Bill advanced to clarify protection order process

Lawmakers gave first-round approval April 30 to a bill that would update application procedures for harassment, sexual assault and domestic abuse protection orders.

<a href='' target='_blank' title='Link to the website of Sen. Machaela Cavanaugh'>Sen. Machaela Cavanaugh</a>
Sen. Machaela Cavanaugh

Nebraska currently authorizes three types of protection orders for cases of harassment, sexual assault and domestic abuse. LB532, as originally introduced by Omaha Sen. Machaela Cavanaugh, would harmonize application procedures for all three protection orders.

The bill’s intent is to provide more clarity to the process, Cavanaugh said, because victims who pursue protection orders often do so without legal assistance.

“Since a victim’s choice to leave a violent situation creates a particularly high risk of future violence, protection orders are absolutely critical to helping [them] access safety for themselves and their family,” she said. “However, protection orders will not be effective if survivors aren’t presented with an understandable and clear process.”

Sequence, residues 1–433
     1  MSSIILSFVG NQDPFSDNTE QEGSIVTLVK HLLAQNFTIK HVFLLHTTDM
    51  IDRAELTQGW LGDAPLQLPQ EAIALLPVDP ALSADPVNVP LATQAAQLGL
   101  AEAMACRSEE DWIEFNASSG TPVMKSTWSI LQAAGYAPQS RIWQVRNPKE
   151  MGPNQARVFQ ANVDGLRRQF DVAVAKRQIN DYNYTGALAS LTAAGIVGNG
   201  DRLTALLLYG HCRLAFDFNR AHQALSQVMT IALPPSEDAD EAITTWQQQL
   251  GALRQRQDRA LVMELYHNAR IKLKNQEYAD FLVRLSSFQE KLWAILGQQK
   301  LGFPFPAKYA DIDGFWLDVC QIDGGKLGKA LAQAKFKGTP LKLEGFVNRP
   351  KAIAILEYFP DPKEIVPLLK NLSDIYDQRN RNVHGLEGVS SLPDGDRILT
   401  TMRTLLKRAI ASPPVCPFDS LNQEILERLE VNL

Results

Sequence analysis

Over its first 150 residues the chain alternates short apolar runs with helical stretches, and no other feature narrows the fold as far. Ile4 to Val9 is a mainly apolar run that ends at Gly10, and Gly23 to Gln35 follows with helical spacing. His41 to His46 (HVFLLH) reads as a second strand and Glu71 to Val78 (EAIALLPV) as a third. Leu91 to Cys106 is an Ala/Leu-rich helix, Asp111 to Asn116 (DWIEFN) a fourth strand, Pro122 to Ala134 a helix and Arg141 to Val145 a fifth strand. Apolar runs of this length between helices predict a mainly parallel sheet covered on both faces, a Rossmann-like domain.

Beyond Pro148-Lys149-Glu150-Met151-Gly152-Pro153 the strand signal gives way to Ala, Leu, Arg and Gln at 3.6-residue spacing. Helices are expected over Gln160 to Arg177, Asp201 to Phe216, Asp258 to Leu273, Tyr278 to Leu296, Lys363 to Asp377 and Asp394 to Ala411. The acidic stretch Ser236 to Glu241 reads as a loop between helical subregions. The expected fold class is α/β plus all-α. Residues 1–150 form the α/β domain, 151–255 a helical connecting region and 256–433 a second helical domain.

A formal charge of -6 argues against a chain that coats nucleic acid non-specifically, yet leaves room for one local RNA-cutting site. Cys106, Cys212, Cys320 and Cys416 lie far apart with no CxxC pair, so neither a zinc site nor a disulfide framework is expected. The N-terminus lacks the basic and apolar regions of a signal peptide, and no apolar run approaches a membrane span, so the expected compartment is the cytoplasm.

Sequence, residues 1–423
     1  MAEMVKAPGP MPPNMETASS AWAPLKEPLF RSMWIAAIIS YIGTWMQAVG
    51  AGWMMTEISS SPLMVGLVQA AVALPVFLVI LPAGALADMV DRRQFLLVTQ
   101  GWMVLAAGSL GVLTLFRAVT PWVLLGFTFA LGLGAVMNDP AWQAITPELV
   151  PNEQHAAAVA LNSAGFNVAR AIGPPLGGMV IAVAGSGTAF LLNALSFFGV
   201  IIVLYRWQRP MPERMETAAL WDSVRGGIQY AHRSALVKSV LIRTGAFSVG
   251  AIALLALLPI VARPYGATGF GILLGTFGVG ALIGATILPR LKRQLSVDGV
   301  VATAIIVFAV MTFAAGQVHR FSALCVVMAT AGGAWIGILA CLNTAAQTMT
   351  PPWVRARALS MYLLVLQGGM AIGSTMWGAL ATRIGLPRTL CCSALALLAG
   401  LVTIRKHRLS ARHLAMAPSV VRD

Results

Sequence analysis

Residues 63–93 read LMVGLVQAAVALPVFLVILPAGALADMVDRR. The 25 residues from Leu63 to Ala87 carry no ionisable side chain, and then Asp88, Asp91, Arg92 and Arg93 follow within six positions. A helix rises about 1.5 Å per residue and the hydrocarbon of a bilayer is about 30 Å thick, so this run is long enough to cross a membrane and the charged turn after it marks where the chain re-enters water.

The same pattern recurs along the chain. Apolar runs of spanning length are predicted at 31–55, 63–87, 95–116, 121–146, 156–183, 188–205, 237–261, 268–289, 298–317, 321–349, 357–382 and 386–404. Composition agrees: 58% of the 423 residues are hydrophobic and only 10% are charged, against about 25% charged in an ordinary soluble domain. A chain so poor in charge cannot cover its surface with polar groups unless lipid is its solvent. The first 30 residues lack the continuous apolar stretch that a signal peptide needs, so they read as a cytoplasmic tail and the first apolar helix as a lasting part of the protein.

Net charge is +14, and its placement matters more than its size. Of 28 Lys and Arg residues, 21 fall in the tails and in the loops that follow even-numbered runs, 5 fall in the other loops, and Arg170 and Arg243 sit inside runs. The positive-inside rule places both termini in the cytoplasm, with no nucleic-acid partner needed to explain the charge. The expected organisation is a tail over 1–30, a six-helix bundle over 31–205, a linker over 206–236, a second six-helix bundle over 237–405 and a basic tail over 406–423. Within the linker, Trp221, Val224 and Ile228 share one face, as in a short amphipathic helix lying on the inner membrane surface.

A Judiciary Committee amendment, adopted 41-0, replaced the bill. Under the amendment, if an application for a temporary protection order is dismissed, it would be dismissed without prejudice. This would allow the petitioner for the protection order to correct any missing information and resubmit the application for consideration.

The petition for a protection order must include the events and dates, or approximate dates, of the alleged assault or abuse, including the most recent and most severe incidents.

The court where the petition is filed could decide to issue a temporary protection order “ex parte,” or without giving notice to the respondent, if the petitioner believes the respondent poses an immediate and significant safety risk.

If the court rejects an application for a sexual assault or domestic abuse protection order, LB532 would require that an evidentiary hearing be held within 14 days. The court would be required to admit the original petition and affidavit into evidence.

The amendment also would clarify that the petitioner for a protection order could not be found to be in violation of his or her protection order.

Omaha Sen. Robert Hilkemann supported the bill, saying it would strengthen the path to safety for victims of violence.

Senators advanced the bill to select file on a 41-0 vote.

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